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230 NATIONAL MUNICIPAL REVIEW [April give legal advice to other state officers are essentially part of the executive power, and that these duties should be exercised by one in agreement with the chief executive who is constitutionally responsible for the execution of the laws. An attorney-general hostile to the governor could in large measure weaken his authority even over the officials he appoints. Indeed this situation has been recognized in New York, when by chance an attorneygeneral has been elected of another political party from the governor, the latter was authorized to employ special counsel. President Taft spoke before the committee of the New York convention in favor of the appointment of the attorney-general as follows: Well, if you are going to have a lot of independent o5cers, who are running their own boats, paddling their own canoes, without respect to the head of the state, then of course you want a judicial officer to decide between them. But if you are running a government on the basis of a head man being responsible for what is done, and for the work being done in the most effective way, then what you want is a counsel. When you consult a lawyer, you don’t consult a judge. You consult a man who is with you, seeking to help you carry out the lawful purposes that you have. Therefore he ought to be your appointee. You select him. Now the chief executive is given an attorney-general to advise and represent him in all legal matters. I don’t see why he shouldn’t be appointed. It would be most awkward if he was not, in Washington, I can tell you that.1 AUDITOR CHOSEN BY THE LEGISLATURE The opinion is even more widely held that the state auditor or comptroller should be independent of the governor, on the ground that the duties of this officer are to act as a check on the expenditure of executive officials and keep them within the limits of t,he 1 New York constitutional convention documents No. 11 (1915). appropriations. This view also prevails in a few states where the auditor or comptroller is not elected, but is chosen by the legislature. On the other hand, in the United States national government the comptroller of the treasury and the auditors are appointed by the President, and are classed within the department of the treasury; and a similar arrangement is provided in a number of large cities, as in Chicago and Detroit. If the auditor is to be independent of the governor, the practice in most of the states of electing this official at the same time as the governor is unsatisfactory. An auditor so elected is likely to be of the same party as the governor, and thus not to act as a wholly independent officer. Greater independence would be secured if the auditor were chosen by the legislature, or, if elected by popular vote, he should be elected at a different time than the governor. But the practice of a supposedly independent officer who controls disbursements has been due to a confusion between the functions of accounting and auditing in American governments. The auditor or comptroller now acts to some extent both as accountant and auditor; but in fact there has been neither an adequate system of accounting, nor any effective independent audit of the accounts kept. In European governments, and in business corporations in the United States, the accounting service and the control over disbursements is a branch of the executive administration; while there is a subsequent audit of accounts at regular intervals by an outside agency. Thus in Great Britain the accounts are kept and current control of disbursements is exercised by the treasury; and the work of the comptroller and auditor-general is to make a critical examination of the completed financial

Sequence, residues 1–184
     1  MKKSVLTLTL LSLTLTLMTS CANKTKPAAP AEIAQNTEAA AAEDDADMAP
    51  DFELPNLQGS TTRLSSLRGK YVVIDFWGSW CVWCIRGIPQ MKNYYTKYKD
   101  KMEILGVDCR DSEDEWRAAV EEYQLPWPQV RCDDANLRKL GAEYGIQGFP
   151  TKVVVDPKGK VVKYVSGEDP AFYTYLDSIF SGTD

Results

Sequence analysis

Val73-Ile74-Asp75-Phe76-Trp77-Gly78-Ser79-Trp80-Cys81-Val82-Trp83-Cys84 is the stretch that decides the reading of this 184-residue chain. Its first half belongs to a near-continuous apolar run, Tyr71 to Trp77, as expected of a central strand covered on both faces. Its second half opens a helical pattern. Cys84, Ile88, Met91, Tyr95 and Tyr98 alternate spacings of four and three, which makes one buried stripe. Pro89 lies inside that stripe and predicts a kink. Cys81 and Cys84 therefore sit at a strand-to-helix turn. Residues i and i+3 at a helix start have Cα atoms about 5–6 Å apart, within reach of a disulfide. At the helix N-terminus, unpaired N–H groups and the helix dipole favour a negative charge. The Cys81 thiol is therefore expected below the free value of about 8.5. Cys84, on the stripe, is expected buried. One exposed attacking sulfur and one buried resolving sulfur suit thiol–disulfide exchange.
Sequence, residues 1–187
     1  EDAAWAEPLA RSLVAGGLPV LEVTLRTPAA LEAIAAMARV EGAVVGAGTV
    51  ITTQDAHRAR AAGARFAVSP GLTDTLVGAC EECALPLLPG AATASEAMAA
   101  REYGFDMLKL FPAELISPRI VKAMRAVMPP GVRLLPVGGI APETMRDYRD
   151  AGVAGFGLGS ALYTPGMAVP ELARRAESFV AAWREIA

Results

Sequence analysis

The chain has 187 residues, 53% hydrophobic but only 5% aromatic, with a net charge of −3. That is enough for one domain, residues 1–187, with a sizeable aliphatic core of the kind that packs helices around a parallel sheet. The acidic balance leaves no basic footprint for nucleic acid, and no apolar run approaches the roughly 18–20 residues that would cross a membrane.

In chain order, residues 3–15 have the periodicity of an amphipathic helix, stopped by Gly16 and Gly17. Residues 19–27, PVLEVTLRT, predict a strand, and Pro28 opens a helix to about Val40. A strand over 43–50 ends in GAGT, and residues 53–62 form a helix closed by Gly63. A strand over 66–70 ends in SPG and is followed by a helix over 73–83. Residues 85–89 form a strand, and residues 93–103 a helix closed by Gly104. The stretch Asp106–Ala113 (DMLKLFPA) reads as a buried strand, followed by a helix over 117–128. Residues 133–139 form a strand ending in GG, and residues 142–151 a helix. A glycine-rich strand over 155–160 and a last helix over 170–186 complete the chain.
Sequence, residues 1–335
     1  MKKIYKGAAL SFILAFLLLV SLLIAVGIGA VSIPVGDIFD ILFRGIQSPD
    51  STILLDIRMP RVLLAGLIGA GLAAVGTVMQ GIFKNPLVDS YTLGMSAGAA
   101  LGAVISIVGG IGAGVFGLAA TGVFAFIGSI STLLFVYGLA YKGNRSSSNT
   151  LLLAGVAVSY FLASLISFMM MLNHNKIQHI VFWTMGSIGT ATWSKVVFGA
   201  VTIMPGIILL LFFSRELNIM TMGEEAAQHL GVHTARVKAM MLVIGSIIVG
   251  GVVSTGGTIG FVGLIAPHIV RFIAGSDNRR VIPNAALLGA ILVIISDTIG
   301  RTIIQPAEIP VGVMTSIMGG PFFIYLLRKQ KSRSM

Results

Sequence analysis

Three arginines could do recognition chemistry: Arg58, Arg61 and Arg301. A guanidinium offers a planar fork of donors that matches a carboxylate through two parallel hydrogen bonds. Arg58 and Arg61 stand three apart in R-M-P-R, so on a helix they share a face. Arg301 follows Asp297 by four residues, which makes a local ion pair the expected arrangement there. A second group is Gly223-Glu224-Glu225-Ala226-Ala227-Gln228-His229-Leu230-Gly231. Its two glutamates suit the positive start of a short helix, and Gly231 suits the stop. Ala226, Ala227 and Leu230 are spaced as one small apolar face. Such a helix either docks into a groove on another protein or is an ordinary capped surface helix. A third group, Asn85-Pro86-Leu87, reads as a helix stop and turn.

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19211 THE EXECUTIVE IN THE STATE CONSTITUTION 231 accounts, methods and reports at the end of each fiscal year. In some American states and cities, the need for a central executive control over expenditures and accounts has been recognized, to some extent, by such officers as the administrative auditor in Illinois or the commissioners of accounts in New York city, as agents of the governor or mayor, in addition to the popularly elected auditor or comptroller. But this plan, if adequately carried out, involves a duplicate system of accounts kept both by the executive department and also by the auditor. The same confusion of thought is shown in the recent proposal to make the United States comptroller of the treasury legally independent of the executive. This would make it necessary to establish a duplicate accounting system in the treasury department, unless the functions of the comptroller are strictly limited to that of auditing t.he accounts and reports. It is the opinion of the National Municipal League Committee on State Government that there should be a central accounting service, with control over disbursements, in the executive branch of the state government, as one division of a department of finance. It should, however, be clearly made the duty of the legislature to provide for a regular independent audit of the financial accounts and reports after each fiscal period, in place of the spasmodic investigations which occasionally take place, based largely on political considerations. THE EXECUTIVE DEPARTMENTS No constitutional provisions have been proposed for a definite and detailed plan of executive departments. In this respect the constitution of the United States has been followed. This does not mean that the need for a thorough reorganization of the administrative arrangements in the states is not recognized. It is based on the belief that the details of administrative organization should not be stereotyped in the state constitution, but should remain flexible, to be adjusted from time to time by legislation, to meet the needs of a developing political system. The provisions in the present state constitutions for executive and administrative officers, which for the most part are survivals from the constitutions of the middle of the nineteenth century, have clearly proven inadequate for present conditions. Indeed they now form serious obstacles to the establishment of an effective administrative system. Proposed constitutional provisions for a more systematic arrangement, such as those presented in New York state, have been compromises, making only partial steps towards a satisfactory system; and there is danger that such partial reforms, imbedded in the state constitution, will prove even more stubborn obstacles to further changes. Even the shorter provisions recently adopted in Massachusetts, providing for not more than twenty departments, give sanction to more than should be needed; and the legislation adopted under this provision falls far. short of an effective organization. It may be noted that most of the services of the United States national government, which greatly exceed those of any state, are organized in ten executive departments. And the still greater field of central administration in France is organized under a dozen ministries. There seems to be no need for any more in any American state; though it may be difficult to secure a reduction to this point in the near future. The most comprehensive and suc